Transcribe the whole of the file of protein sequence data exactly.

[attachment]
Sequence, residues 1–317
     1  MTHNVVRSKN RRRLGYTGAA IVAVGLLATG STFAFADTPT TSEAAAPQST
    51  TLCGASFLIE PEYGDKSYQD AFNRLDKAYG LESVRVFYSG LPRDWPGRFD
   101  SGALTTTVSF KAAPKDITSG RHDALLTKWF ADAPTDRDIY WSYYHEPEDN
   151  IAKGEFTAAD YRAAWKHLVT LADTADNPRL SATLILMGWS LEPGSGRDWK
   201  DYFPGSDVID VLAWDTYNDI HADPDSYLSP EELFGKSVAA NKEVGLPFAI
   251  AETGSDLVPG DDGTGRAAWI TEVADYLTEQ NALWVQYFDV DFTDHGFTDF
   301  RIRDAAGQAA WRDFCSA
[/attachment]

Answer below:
Sequence, residues 1–317
     1  MTHNVVRSKN RRRLGYTGAA IVAVGLLATG STFAFADTPT TSEAAAPQST
    51  TLCGASFLIE PEYGDKSYQD AFNRLDKAYG LESVRVFYSG LPRDWPGRFD
   101  SGALTTTVSF KAAPKDITSG RHDALLTKWF ADAPTDRDIY WSYYHEPEDN
   151  IAKGEFTAAD YRAAWKHLVT LADTADNPRL SATLILMGWS LEPGSGRDWK
   201  DYFPGSDVID VLAWDTYNDI HADPDSYLSP EELFGKSVAA NKEVGLPFAI
   251  AETGSDLVPG DDGTGRAAWI TEVADYLTEQ NALWVQYFDV DFTDHGFTDF
   301  RIRDAAGQAA WRDFCSA